A few weeks back, the higher powers here at TIME put presidential hopeful Mitt Romney on the cover with a flattering photo and an unflattering headline that captured the moment: “Why Don’t They Like Me?” After months of see saw polling, Newt Gingrich was ascending. On the trail, Romney responded with his disciplined cheerfulness. When voters on the trail asked him to sign the cover–a risk for any presidential candidate in an election year–he simply crossed out the “n’t” in “Don’t” and offered his Hancock.
This week, recognizing how far Romney has come, all but vanquishing Gingrich and clearing the way with an Iowa win, TIME is running nearly the same cover, with a new line. “So You Like Me Now?” The answer, as the cover article by David Von Drehle attests, is increasingly, Yes. Not always as a first choice, perhaps, but neither as a last choice. As Von Drehle writes:
So can anyone stop Romney? As first Bachmann, then Perry, then Herman Cain, then Gingrich roared past him in the polls, it seemed that everyone could beat Romney, but no one has. Now the answer depends on whether the GOP, after its tempestuous Tea Party uprising, has turned a new page or is back to the same old nominate-the-next-guy story.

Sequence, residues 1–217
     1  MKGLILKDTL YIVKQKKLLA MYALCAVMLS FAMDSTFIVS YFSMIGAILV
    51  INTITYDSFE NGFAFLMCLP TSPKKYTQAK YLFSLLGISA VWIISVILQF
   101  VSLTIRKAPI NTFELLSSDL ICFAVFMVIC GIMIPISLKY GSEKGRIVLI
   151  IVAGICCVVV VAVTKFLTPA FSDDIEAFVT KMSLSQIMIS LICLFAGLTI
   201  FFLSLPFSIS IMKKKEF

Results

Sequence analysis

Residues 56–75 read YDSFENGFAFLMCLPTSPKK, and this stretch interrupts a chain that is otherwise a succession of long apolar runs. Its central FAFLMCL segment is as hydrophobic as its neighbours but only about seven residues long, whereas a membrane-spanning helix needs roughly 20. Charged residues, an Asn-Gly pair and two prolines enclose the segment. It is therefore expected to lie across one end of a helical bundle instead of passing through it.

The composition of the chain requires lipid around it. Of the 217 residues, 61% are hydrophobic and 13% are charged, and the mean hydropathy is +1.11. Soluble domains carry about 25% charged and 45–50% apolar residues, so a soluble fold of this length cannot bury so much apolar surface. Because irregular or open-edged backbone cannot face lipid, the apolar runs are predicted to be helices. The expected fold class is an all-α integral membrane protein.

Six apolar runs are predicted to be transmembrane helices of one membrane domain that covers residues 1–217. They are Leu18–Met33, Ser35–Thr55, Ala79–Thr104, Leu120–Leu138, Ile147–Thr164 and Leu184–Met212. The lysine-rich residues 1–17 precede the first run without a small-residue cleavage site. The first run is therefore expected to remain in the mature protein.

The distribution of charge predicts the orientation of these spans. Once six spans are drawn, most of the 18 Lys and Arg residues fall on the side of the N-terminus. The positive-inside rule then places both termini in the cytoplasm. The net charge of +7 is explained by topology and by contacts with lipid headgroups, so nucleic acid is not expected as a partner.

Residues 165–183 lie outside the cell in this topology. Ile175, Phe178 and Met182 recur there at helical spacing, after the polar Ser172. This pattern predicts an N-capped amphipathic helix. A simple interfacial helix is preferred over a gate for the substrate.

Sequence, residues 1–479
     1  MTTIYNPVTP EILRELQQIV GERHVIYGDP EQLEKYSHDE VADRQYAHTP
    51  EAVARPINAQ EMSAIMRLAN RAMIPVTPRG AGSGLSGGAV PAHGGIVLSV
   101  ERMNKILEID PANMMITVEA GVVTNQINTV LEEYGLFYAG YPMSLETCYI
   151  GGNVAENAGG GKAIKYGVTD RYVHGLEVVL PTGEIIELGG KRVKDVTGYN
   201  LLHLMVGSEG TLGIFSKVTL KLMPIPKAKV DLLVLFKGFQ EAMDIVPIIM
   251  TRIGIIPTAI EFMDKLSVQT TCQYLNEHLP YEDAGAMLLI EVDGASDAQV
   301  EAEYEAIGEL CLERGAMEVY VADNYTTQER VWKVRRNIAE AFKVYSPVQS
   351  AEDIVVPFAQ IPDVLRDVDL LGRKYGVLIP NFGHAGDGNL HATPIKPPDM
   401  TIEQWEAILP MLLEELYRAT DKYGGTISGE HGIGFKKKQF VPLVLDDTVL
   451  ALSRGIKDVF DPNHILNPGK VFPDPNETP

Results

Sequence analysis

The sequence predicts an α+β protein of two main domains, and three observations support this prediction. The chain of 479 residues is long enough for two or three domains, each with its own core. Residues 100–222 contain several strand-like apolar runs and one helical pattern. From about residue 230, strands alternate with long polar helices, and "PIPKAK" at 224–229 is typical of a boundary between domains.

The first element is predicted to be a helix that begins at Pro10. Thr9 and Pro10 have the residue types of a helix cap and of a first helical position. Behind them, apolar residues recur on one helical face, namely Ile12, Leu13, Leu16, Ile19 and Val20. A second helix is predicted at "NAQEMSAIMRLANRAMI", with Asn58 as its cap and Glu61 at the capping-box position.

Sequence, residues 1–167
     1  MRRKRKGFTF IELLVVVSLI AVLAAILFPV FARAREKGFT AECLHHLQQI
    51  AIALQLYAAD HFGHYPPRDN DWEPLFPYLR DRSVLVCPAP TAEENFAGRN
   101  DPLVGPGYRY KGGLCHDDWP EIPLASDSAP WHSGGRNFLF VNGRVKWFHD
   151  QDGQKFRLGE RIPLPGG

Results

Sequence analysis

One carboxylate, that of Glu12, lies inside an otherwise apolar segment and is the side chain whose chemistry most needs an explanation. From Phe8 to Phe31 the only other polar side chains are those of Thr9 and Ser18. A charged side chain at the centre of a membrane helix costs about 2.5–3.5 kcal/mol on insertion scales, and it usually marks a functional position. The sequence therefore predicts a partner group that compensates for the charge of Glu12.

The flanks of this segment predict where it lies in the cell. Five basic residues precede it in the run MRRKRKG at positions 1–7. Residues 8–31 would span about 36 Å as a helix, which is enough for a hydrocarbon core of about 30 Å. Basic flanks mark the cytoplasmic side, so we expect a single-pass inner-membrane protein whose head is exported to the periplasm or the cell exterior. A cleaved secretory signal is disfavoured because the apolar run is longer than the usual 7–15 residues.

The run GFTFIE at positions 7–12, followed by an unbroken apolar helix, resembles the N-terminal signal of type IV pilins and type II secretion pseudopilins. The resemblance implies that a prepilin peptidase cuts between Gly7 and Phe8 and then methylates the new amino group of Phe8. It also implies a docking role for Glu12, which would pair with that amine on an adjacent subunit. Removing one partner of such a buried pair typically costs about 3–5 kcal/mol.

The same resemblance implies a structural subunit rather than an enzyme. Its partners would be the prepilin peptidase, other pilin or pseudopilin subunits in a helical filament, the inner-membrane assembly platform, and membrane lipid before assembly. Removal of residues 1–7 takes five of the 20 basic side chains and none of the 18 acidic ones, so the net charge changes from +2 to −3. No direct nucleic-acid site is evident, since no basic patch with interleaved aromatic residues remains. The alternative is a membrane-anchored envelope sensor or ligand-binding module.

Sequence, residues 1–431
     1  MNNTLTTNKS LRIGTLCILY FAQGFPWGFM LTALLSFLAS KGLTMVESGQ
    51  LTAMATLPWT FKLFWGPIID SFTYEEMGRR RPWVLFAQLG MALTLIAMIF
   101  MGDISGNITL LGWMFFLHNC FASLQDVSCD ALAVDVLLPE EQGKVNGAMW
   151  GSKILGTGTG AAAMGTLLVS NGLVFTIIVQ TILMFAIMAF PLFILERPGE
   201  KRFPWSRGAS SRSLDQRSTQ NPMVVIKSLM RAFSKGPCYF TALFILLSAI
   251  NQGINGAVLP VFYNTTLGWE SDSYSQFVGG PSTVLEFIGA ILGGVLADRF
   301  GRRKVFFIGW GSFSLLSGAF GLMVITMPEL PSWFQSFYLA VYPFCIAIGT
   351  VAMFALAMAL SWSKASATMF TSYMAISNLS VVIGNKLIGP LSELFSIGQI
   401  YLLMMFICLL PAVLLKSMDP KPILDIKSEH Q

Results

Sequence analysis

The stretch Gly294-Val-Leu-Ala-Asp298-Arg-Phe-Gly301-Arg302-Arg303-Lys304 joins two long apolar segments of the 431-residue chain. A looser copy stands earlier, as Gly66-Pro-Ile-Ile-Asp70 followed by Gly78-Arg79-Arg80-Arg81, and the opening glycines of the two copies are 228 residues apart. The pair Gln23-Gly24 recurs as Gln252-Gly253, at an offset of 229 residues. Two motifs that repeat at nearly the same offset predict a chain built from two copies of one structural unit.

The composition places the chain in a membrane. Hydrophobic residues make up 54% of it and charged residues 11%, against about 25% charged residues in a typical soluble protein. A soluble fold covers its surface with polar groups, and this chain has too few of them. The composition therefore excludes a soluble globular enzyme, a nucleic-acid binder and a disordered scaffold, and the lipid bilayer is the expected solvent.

The full article is online and available to subscribers, digital or otherwise. Suffice it to say, I would recommend it, as I would my sidebar to the piece, which explores the ways in which Romney has depended on a most unlikely political guru to plot his political revival–from serial silver medalist in 2008, to 2012 gold medal winner in Iowa, by a hair. That lodestar: Candidate Barack Obama, circa 2008, who now shows up more in Romney’s stump speeches, often singled out for faint-praise, than George Romney got mentioned in early 2007. The entire message structure of Romney’s 2012 campaign, from its slogan to its theory of the electorate, draws heavily from the campaign that Obama pulled together four years ago. And by highlighting the Obama of 2008, Romney is attempting a crafty trick: To convince the independent voters who flocked to Obama that the President they got has failed the expectations of the man they elected. As one Romney aide told me, “Have you been to a job fair? Please go. If John Steinbeck were alive today, he would not be voting for Barack Obama.”
It’s an argument, a rather fierce one, that the nation is likely to hear a lot more in the coming months.
(PHOTOS: The Rich History of Mitt Romney)